Poodoo im Apollo11-Assembler-Code

„Poodoo“ ist in der Sprache Jabba The Huts „Bantha Futter“. Die Sprache der Huts hatte Lucas damals aus Versatzstücken von Englisch und der Sprache der Inka (Quechua) zusammengebastelt und den Ausdruck „Poodoo“ kennt man wohl vor allem von Sebulba aus Episode 1. Ein Neologismus, hab’ ich gedacht. Ein Fantasie-Wort einer Fantasie-Sprache, hab’ ich gedacht.

Der Code, mit dem sie die Apollo11-Mission damals auf dem Mond geschossen haben, ist schon lange online und jetzt (erst) auf Github gelandet. Selbstverständlich stürzen sich die ganzen Coder auf den kruden Assembler-Code, öffnen Bug Tickets und auf /r/programmerhumor finden sie in dem Kommentaren im Code immer wieder ganz amüsante Dinge. Zum Beispiel Bantha-Futter:


„Margaret Hamilton, director of software engineering for the project, standing next to a stack of paper containing the software“.

Mehr auf Quarz: The code that took America to the moon was just published to GitHub, and it’s like a 1960s time capsule.

When programmers at the MIT Instrumentation Laboratory set out to develop the flight software for the Apollo 11 space program in the mid-1960s, the necessary technology did not exist. They had to invent it.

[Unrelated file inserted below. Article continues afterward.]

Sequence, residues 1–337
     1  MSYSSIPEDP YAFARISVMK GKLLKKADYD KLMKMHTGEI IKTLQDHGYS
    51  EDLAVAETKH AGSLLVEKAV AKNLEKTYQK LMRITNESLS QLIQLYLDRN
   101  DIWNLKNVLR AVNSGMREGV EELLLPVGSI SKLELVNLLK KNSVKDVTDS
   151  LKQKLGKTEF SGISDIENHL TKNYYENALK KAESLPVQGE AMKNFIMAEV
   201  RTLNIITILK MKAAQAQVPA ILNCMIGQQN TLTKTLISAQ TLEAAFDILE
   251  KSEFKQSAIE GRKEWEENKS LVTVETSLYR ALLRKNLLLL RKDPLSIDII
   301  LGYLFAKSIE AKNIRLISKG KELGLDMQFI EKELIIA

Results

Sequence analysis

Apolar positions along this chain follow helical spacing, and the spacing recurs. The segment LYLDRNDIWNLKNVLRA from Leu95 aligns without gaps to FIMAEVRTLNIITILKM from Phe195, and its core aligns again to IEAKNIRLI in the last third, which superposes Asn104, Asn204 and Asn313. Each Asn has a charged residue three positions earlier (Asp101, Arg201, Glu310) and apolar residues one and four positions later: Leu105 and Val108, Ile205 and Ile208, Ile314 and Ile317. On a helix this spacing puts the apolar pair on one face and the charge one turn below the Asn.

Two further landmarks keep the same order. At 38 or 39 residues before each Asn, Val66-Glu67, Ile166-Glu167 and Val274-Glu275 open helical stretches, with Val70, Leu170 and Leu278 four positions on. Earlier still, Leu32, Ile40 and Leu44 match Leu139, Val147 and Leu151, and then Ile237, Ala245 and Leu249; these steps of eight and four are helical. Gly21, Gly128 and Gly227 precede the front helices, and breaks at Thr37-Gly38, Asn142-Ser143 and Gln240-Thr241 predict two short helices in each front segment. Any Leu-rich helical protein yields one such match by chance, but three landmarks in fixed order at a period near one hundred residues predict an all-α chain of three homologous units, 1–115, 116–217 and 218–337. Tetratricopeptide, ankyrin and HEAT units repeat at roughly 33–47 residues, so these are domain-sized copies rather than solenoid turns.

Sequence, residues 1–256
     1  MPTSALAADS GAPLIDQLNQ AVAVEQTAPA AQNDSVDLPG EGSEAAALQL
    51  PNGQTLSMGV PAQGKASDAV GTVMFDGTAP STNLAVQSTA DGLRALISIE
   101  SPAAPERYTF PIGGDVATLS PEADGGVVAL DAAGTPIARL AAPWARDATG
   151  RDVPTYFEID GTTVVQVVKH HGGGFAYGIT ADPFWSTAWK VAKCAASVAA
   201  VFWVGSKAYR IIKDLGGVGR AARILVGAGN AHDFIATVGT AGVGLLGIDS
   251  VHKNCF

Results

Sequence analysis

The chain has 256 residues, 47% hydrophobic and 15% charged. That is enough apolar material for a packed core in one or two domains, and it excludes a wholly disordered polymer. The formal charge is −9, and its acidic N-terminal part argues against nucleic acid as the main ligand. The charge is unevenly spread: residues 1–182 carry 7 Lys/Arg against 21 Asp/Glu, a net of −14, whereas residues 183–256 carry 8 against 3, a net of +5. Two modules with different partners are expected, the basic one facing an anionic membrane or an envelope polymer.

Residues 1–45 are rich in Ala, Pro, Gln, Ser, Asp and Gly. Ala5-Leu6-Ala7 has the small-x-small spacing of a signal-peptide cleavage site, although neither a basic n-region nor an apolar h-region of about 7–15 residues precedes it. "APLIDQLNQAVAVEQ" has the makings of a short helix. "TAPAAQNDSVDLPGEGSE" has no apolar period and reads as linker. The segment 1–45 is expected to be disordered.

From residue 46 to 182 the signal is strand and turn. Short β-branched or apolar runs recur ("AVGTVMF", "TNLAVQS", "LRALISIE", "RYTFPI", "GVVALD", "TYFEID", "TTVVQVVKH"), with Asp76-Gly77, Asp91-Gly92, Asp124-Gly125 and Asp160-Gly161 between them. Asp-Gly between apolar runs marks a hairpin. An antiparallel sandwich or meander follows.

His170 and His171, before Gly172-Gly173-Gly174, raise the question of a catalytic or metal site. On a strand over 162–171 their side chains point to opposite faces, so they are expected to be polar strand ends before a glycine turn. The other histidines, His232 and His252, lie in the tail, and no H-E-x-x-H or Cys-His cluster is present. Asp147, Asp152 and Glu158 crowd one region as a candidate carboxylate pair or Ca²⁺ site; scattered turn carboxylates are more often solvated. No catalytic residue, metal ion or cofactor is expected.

They came up with a new way to store computer programs, called “rope memory,” and created a special version of the assembly programming language. Assembly itself is obscure to many of today’s programmers—it’s very difficult to read, intended to be easily understood by computers, not humans. For the Apollo Guidance Computer (AGC), MIT programmers wrote thousands of lines of that esoteric code. […] the code itself remained somewhat obscure to many of today’s software developers. That was until last Thursday (July 7), when former NASA intern Chris Garry uploaded the software in its entirety to GitHub, the code-sharing site where millions of programmers hang out these days.

Within hours, coders began dissecting the software, particularly looking at the code comments the AGC’s original programmers had written. In programming, comments are plain-English descriptions of what task is being performed at a given point. But as the always-sharp joke detectives in Reddit’s r/ProgrammerHumor section found, many of the comments in the AGC code go beyond boring explanations of the software itself. They’re full of light-hearted jokes and messages, and very 1960s references.